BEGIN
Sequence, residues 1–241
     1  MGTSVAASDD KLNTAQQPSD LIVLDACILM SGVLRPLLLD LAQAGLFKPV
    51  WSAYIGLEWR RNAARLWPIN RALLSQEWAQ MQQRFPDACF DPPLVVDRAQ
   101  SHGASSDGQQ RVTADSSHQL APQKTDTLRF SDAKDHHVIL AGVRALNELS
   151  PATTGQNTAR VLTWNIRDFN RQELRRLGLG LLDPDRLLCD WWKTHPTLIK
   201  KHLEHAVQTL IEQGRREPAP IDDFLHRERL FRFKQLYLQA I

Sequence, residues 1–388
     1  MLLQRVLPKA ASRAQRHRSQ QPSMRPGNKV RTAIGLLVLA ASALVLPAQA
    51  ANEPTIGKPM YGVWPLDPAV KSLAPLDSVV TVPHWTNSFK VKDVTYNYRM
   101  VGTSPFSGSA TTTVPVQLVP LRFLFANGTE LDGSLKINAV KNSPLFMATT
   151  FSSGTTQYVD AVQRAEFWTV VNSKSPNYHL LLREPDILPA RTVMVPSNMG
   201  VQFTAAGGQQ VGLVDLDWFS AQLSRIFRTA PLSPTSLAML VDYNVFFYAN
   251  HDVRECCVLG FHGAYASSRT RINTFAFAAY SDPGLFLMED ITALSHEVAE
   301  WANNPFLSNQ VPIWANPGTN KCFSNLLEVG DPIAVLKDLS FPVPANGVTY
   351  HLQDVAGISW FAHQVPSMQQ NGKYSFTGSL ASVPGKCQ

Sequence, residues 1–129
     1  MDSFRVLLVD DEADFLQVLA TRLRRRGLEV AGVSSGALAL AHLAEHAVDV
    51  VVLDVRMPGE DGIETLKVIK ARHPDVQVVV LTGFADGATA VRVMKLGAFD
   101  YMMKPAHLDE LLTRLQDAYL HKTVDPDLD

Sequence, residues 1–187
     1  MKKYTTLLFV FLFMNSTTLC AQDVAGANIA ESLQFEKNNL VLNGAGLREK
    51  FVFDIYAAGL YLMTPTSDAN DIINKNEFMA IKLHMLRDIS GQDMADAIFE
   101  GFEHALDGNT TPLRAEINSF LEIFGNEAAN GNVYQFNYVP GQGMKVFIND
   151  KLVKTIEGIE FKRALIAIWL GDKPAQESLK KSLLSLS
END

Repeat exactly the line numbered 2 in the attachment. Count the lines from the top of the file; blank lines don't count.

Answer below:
     1  MGTSVAASDD KLNTAQQPSD LIVLDACILM SGVLRPLLLD LAQAGLFKPV